Meeting News Coverage

Biologics as the next step in future of rotator cuff surgery

KOLOA, Hawaii — For the repair of rotator cuff tears, healing matters; however, the use of biologics and patches has unanswered questions, according to a speaker here.

“We have probably maximized what we can achieve from a mechanical standpoint. Biology is clearly going to be the next step for the future of rotator cuff surgery,” Nikhil N. Verma, MD, said at Orthopedics Today Hawaii 2015.

The occurrence of structural failure following rotator cuff repair ranges from 10% to 90%, depending on patient comorbidities, tear size, tissue quality, muscle atrophy and the chronicity of the tears. Verma said the majority of published studies indicate better outcomes for intact rotator cuff repair.

Nikhil N. Verma

Questions remain as to what biologics are appropriate to use, as well as what methods of delivery to the repair site should be used and how to keep the biologics there once delivered, according to Verma. Preclinical data are not always translational, he said, and most available studies are of poor quality. Dose, frequency, cost and regulatory issues remain.

“Endpoints for study are difficult, particularly when we want to look at the anatomy with a large number of patients, which is often cost-prohibitive,” he said.

Platelet-rich plasma presents an easy option for orthopedic surgeons to add to their toolbox of available treatment options for rotator cuff repair; however, the clinical benefit remains unclear, according to Verma.

“It is difficult to obtain a cost or payment reimbursement for these expensive products,” he said. “I think the biggest areas where we need to get better is delivery vehicles.”

Indications to use patch augmentation include younger age, failure of previous repairs generally with medial retraction, poor tissue quality, larger size tears and salvage procedures. Verma said there are a number of scaffolds available for the treatment of rotator cuff tears. However, they should be used for augmentation more than as a gap filler.

“There are arthroscopic techniques that are somewhat challenging, but I think they can be mastered with practice,” he said.

There is no stem cell product available for use in rotator cuff repair, Verma said. Future study is needed before routine use can be recommended. – by Kristine Houck, MA, ELS

Reference:

Verma N. Biologics and patches in rotator cuff repair: What you need in your toolbox. Presented at: Orthopedics Today Hawaii 2015; Jan. 18-22, 2015; Koloa, Hawaii.

Disclosure: Verma receives royalties from Smith & Nephew, consulting fees from MinInvasive and Smith & Nephew; has stock options in Cymedica, MinInvasive and Omeros; and receives research support from Athletics, Arthrex, Arthrosurface, ConMed Linvatec, DJ Orthopedics, MioMed, Mitek and Smith & Nephew.

KOLOA, Hawaii — For the repair of rotator cuff tears, healing matters; however, the use of biologics and patches has unanswered questions, according to a speaker here.

“We have probably maximized what we can achieve from a mechanical standpoint. Biology is clearly going to be the next step for the future of rotator cuff surgery,” Nikhil N. Verma, MD, said at Orthopedics Today Hawaii 2015.

The occurrence of structural failure following rotator cuff repair ranges from 10% to 90%, depending on patient comorbidities, tear size, tissue quality, muscle atrophy and the chronicity of the tears. Verma said the majority of published studies indicate better outcomes for intact rotator cuff repair.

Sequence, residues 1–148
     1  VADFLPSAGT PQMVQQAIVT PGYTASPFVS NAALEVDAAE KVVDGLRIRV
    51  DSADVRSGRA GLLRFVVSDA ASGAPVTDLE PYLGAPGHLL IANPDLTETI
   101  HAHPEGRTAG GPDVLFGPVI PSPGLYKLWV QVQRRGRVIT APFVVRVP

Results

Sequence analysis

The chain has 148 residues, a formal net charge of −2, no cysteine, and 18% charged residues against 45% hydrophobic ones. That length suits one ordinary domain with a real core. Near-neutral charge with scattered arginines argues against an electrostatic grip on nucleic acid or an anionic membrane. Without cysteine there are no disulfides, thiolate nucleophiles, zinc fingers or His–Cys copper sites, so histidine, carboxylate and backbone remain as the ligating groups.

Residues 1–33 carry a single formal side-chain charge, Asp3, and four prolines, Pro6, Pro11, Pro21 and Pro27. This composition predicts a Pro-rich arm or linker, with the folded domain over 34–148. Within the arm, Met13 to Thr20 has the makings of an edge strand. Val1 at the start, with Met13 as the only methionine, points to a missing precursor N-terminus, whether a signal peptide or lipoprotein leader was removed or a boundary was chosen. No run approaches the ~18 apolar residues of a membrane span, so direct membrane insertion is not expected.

Nikhil N. Verma

Questions remain as to what biologics are appropriate to use, as well as what methods of delivery to the repair site should be used and how to keep the biologics there once delivered, according to Verma. Preclinical data are not always translational, he said, and most available studies are of poor quality. Dose, frequency, cost and regulatory issues remain.

“Endpoints for study are difficult, particularly when we want to look at the anatomy with a large number of patients, which is often cost-prohibitive,” he said.

Platelet-rich plasma presents an easy option for orthopedic surgeons to add to their toolbox of available treatment options for rotator cuff repair; however, the clinical benefit remains unclear, according to Verma.

“It is difficult to obtain a cost or payment reimbursement for these expensive products,” he said. “I think the biggest areas where we need to get better is delivery vehicles.”

Indications to use patch augmentation include younger age, failure of previous repairs generally with medial retraction, poor tissue quality, larger size tears and salvage procedures. Verma said there are a number of scaffolds available for the treatment of rotator cuff tears. However, they should be used for augmentation more than as a gap filler.

“There are arthroscopic techniques that are somewhat challenging, but I think they can be mastered with practice,” he said.

There is no stem cell product available for use in rotator cuff repair, Verma said. Future study is needed before routine use can be recommended. – by Kristine Houck, MA, ELS

Reference:

Verma N. Biologics and patches in rotator cuff repair: What you need in your toolbox. Presented at: Orthopedics Today Hawaii 2015; Jan. 18-22, 2015; Koloa, Hawaii.

Disclosure: Verma receives royalties from Smith & Nephew, consulting fees from MinInvasive and Smith & Nephew; has stock options in Cymedica, MinInvasive and Omeros; and receives research support from Athletics, Arthrex, Arthrosurface, ConMed Linvatec, DJ Orthopedics, MioMed, Mitek and Smith & Nephew.

    See more from Orthopedics Today Hawaii